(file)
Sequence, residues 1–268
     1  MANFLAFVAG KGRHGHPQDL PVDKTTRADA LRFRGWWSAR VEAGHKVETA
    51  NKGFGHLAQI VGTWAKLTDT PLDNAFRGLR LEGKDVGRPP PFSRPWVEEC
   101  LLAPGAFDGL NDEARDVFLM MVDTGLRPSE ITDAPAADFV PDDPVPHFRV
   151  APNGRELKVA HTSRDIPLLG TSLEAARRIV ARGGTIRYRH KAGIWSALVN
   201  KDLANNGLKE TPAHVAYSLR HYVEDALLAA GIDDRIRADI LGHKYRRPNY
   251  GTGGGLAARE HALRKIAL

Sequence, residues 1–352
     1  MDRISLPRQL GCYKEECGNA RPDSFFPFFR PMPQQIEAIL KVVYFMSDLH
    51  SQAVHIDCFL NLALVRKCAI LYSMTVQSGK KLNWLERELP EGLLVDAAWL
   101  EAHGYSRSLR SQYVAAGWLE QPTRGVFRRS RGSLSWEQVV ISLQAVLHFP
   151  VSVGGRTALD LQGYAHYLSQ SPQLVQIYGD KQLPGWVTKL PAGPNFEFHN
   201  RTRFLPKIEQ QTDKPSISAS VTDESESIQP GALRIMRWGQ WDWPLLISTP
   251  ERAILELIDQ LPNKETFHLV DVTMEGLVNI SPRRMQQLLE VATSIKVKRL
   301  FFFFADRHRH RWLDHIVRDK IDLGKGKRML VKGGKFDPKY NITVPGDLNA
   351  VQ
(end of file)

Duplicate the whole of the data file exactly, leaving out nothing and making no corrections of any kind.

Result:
Sequence, residues 1–268
     1  MANFLAFVAG KGRHGHPQDL PVDKTTRADA LRFRGWWSAR VEAGHKVETA
    51  NKGFGHLAQI VGTWAKLTDT PLDNAFRGLR LEGKDVGRPP PFSRPWVEEC
   101  LLAPGAFDGL NDEARDVFLM MVDTGLRPSE ITDAPAADFV PDDPVPHFRV
   151  APNGRELKVA HTSRDIPLLG TSLEAARRIV ARGGTIRYRH KAGIWSALVN
   201  KDLANNGLKE TPAHVAYSLR HYVEDALLAA GIDDRIRADI LGHKYRRPNY
   251  GTGGGLAARE HALRKIAL

Sequence, residues 1–352
     1  MDRISLPRQL GCYKEECGNA RPDSFFPFFR PMPQQIEAIL KVVYFMSDLH
    51  SQAVHIDCFL NLALVRKCAI LYSMTVQSGK KLNWLERELP EGLLVDAAWL
   101  EAHGYSRSLR SQYVAAGWLE QPTRGVFRRS RGSLSWEQVV ISLQAVLHFP
   151  VSVGGRTALD LQGYAHYLSQ SPQLVQIYGD KQLPGWVTKL PAGPNFEFHN
   201  RTRFLPKIEQ QTDKPSISAS VTDESESIQP GALRIMRWGQ WDWPLLISTP
   251  ERAILELIDQ LPNKETFHLV DVTMEGLVNI SPRRMQQLLE VATSIKVKRL
   301  FFFFADRHRH RWLDHIVRDK IDLGKGKRML VKGGKFDPKY NITVPGDLNA
   351  VQ